Thursday, February 18, 2010
Elton's Parade Interview
In this week’s issue of PARADE, Elton John talks to Dotson Rader about the transition from his raucous rock-star years to becoming a committed philanthropist. In the web exclusive below, the music legend opens up about the life-threatening downside of fame, his partner David Furnish and his take on Jesus.
Making early mistakes in love.
“I’d always choose someone younger. I wanted to smother them with love. I’d take them around the world, try to educate them. One after another they got a Cartier watch, a Versace outfit, maybe a sports car. They didn’t have jobs. They were reliant on me. I did this repeatedly. In six months they were bored and hated my guts because I’d taken their lives and self-worth away. I hadn’t intended to.”
Love and drugs.
“Just about every relationship I ever had was involved with drugs. It never works. But I always had to be with someone, good or bad, otherwise I didn’t feel fulfilled. I’d lost the plot.”
It’s all or nothing when it comes to drugs.
“For some people a gram of cocaine can last a month. Not me. I have to do the lot, and then I want more. At the end of the day, all it led to was heartache.”
Why fame has lost its appeal.
“Princess Diana, Gianni Versace, John Lennon, Michael Jackson, all dead. Two of them shot outside their houses. None of this would have happened if they hadn’t been famous. Fame attracts lunatics. I never had a bodyguard, ever, until Gianni died. I don’t like celebrity anymore.”
Remembering friends lost.
“Every time I sing ‘The Ballad of the Boy in the Red Shoes’ onstage, I say that this is a song written about a time when people in America started getting AIDS and your president, Ronald Reagan, did nothing about it. I get boos. There’s a lot of hate in the world.”
His take on Christianity.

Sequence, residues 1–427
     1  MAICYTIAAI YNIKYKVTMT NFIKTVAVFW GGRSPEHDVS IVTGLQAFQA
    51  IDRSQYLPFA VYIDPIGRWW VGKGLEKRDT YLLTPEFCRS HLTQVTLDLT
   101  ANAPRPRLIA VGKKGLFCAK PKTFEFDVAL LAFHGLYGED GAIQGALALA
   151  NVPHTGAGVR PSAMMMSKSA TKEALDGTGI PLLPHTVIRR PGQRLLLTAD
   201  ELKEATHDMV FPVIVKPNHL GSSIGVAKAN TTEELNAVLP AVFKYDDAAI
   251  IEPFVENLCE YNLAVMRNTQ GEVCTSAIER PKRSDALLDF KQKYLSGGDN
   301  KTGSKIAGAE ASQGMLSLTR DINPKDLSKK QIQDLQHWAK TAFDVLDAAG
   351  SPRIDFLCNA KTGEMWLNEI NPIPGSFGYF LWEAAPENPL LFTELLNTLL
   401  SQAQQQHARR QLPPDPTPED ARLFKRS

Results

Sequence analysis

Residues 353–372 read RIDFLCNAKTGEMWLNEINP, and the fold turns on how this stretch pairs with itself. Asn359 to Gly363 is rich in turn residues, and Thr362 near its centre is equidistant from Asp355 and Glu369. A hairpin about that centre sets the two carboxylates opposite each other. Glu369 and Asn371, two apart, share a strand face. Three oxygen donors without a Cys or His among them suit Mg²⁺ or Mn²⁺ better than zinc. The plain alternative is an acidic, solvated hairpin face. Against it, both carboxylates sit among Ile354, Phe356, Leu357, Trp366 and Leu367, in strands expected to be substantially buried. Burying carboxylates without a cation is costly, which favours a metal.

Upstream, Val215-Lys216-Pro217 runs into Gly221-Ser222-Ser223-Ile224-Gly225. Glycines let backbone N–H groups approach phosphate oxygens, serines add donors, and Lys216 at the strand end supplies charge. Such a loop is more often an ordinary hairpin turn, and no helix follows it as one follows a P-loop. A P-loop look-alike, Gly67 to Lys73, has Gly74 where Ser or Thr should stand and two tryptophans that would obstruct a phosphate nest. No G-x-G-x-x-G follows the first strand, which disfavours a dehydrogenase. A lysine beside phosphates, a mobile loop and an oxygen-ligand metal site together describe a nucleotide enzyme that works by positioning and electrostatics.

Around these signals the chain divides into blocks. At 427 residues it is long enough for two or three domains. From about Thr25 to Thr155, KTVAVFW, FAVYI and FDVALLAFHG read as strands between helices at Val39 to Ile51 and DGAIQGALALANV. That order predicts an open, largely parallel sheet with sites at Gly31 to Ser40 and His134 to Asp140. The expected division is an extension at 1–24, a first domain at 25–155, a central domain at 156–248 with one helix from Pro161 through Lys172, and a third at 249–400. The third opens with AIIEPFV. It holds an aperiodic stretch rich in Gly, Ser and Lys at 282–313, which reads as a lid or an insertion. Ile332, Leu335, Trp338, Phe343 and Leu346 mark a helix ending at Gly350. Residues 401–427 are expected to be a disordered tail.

“I think Jesus was a compassionate, super-intelligent gay man who understood human problems. On the cross, he forgave the people who crucified him. Jesus wanted us to be loving and forgiving. I don’t know what makes people so cruel. Try being a gay woman in the Middle East — you’re as good as dead.”
He’ll never stop helping.
“I set up my foundation because I wanted to make amends for the years I was a drug addict. People with HIV are still stigmatized. The infection rates are going up. People are dying. The political response is appalling. The sadness of it, the waste.”
Finding new relationships.
“In 1993 I went back to my house in Windsor for a while. I wanted meet new people so I rang up a friend in London and said, ‘Could you please rattle some new people together for dinner here Saturday?’”
An instant connection.
“I was attracted to David immediately. He was very well dressed, very shy. The next night we had dinner. After it, we consummated our relationship. We fell in love very quickly.”
Keeping the love alive.
“Every Saturday for 16 years, we’ve sent each other a card, no matter where we are in the world, to say how much we love each other.”
Communication is key.
“We’ve never been jealous. We talk about the sexual side of things, things that normally would have frightened me before.”
For the full interview, check out Parade.com.